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1522 / 1535 Waldseemüller / Fries Map of the World

Tabu. Nova Orbis. - Main View

1522 / 1535 Waldseemüller / Fries Map of the World


Reconciling New Discovery with Ptolemy.


Tabu. Nova Orbis.
  1522 (undated)     12.25 x 17 in (31.115 x 43.18 cm)


A superb example of Lorenz Fries's 1522 map of the world. This is one of the great Discovery-Era world maps, capturing the impact of contemporary exploration on the late-Roman cartographic models of Ptolemy.
Although the map's focus is the Old World of Europe, Asia, and Afirca, parts of America can be seen. The visible part of South America is identified as Terra Papagalli (Land of Birds). In the Northern Hemisphere, there is a tantalizing unexplained coastline abutting the left border. Based on Martin Waldseemüller's 1516 Carta Marina, we can infer this to be Gaspar and Miguel Corte-Real's poorly documented discovery of Newfoundland or Nova Scotia, here extended eastward some 600 miles.
The North Parts of the World
At Europe's northern extent, Greenland (Gronland) is rendered as a long peninsula extending north of Scandinavia, following the 15th-century cartography of Claudius Clavus. An illustration, apparently of an elephant, is revealed by the text attending it to be a depiction of the morse: a walrus. 'The walrus is a huge animal, the size of an elephant, and it has two long teeth which are quadrangular, and lacks joints in its legs. It is found in the northern promontories of Norway, and they travel together in groups of two hundred animals.'
Another element drawn from the 1516 Carta Marina is the map's depiction of the Grand Prince of Muscovy. The text is derived largely also from the 1516 map, and reads: 'Here rules the Grand Prince and Emperor of Russia and Muscovy, King of Podolia and Plescau.' The Muscovite conquest of Plescau (Pskov) had only occurred in 1510, so Waldseemüller's source in 1516 was very current.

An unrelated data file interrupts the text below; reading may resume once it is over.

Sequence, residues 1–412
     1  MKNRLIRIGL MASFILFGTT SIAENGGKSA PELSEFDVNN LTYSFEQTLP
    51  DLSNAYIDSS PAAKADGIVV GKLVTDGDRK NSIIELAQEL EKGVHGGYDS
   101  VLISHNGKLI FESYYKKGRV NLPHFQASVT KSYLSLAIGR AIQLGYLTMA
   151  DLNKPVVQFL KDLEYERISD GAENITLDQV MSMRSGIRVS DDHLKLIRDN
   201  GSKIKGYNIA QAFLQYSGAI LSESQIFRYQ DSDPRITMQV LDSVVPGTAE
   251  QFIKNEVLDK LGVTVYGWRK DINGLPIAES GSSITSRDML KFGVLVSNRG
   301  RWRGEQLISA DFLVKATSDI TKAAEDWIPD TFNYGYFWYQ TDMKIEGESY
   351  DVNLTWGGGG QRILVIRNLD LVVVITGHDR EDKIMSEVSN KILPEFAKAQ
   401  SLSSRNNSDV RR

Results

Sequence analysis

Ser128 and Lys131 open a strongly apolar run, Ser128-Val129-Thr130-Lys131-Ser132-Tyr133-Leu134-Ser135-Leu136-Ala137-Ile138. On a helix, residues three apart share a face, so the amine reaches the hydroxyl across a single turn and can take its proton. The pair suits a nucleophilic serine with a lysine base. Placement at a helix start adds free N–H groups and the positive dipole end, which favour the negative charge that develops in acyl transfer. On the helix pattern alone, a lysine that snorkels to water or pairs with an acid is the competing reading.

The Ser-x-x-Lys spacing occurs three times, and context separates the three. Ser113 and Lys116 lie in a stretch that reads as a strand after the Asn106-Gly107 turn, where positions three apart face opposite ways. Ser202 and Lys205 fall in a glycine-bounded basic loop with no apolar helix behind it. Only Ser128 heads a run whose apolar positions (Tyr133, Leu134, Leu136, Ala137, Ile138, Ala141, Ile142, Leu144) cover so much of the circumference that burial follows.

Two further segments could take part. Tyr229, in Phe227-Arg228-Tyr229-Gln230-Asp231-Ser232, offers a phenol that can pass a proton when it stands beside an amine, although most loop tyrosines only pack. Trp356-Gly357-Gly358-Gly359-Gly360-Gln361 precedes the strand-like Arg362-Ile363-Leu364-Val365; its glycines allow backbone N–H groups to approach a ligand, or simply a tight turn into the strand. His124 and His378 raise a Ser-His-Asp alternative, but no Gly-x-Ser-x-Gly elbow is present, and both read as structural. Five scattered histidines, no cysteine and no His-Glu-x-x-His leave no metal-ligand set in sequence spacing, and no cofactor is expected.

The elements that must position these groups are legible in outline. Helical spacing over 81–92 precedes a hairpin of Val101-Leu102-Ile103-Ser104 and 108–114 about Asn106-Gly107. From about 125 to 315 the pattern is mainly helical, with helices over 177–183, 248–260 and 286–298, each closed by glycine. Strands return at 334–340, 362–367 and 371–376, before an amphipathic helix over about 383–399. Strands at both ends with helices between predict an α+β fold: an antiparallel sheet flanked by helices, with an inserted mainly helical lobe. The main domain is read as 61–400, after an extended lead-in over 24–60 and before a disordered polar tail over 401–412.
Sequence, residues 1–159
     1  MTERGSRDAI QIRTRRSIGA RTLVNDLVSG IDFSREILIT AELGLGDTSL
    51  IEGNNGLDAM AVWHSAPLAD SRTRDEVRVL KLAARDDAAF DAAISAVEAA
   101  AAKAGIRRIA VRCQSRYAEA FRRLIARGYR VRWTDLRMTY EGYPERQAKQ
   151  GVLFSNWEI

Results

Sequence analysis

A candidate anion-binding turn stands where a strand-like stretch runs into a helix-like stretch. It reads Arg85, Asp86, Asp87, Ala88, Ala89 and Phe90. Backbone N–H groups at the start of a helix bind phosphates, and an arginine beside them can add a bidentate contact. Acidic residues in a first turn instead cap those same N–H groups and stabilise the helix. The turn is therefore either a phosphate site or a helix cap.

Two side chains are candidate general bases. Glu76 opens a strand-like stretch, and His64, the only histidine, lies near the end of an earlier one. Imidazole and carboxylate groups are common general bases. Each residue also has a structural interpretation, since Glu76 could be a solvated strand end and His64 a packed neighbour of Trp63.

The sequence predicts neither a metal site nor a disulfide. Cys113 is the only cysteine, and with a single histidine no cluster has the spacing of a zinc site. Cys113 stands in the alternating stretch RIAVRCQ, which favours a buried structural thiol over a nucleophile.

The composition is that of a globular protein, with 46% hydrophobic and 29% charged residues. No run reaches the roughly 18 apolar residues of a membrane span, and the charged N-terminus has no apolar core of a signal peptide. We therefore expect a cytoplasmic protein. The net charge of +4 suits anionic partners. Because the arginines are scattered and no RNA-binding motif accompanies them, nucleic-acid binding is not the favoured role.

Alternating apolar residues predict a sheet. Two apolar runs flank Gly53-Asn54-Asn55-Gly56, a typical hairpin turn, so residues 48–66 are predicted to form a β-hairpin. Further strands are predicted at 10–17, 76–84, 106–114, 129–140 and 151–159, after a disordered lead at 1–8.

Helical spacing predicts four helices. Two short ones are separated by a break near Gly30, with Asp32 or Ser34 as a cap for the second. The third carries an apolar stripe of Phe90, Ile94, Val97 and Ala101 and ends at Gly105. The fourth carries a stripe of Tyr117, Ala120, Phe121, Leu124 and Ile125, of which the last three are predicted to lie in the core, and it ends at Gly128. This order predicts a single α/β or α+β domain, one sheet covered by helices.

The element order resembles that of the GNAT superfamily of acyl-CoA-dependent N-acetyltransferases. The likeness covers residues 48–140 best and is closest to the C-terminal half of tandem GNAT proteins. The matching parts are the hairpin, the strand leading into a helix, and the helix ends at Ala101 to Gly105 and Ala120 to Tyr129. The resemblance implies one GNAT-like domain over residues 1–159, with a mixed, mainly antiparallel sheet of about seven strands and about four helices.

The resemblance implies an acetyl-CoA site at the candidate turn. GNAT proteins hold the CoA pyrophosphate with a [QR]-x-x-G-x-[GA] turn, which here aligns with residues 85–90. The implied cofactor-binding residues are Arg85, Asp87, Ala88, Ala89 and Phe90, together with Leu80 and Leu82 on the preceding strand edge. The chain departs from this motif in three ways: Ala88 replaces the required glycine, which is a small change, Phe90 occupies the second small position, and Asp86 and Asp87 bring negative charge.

The sources available to Waldseemüller and Fries are not known; but the use of the term 'Emperor' suggests a Muscovite source, rather than Lithuanian or Polish: the title was not even universally accepted in Muscovy during the reign of Vassily III, which was contemporaneous to both the 1516 and 1522 maps. The iconography used on the 1516 Waldseemüller and the 1522 Fries also differs: the image of the ruler on the 1516 is incontrovertibly Christian (carrying a cross, wearing a crown resembling a Bishop's mitre). The figure seated in the 1522 map is wearing a turban, and carries a scepter which only vestigally, at best, incorporates a cross; perhaps the simplification is simply due to space constraints, but the image presented on the Fries more resembles an Asian potentate than a European one.

Another interesting detail to this aspect of the map is that despite the text's reference to the 'Grand Prince and Emperor of Russia and Muscovy', Moscovia and Russia are quite distinct from one another on the map - Muscovy appearing well to the north and East, but Russia appearing close to the Black Sea in the region historically known as Kievan Rus, and more consistent with today's Ukraine. The 1513 Waldseemüller, which provided the topology for this map, names Russia but does not name Muscovy at all.
The Dragon's Tail and Southeast Asia
Fries' map illustrates an ongoing effort to reconcile Ptolemaic geography with Marco Polo, and more recent Portuguese and Spanish discoveries. In the east, the most eye-catching example of this is the large, curving peninsula embracing a Sinus Magnus ('Great Bay'). This so-called 'Dragon's Tail' is a remnant of Ptolemaic geography, in which a land mass continues south of the Indian Ocean to connect with Africa. Vasco de Gamma's successful 1498 voyage to India disproved the idea of an enclosed Indian Ocean, but part of that theory, the Dragon's Tail, persisted well into the 16th century. At the northern extent of the remaining peninsula, the placenames Cathay (Cuthaia) and Mangi show that region to be Marco Polo's China. Fries's map presents this curve of land unambiguously as part of Asia with ocean beyond it - not part of America, as proposed in later maps by Oronce Fine and Giacomo Gastaldi.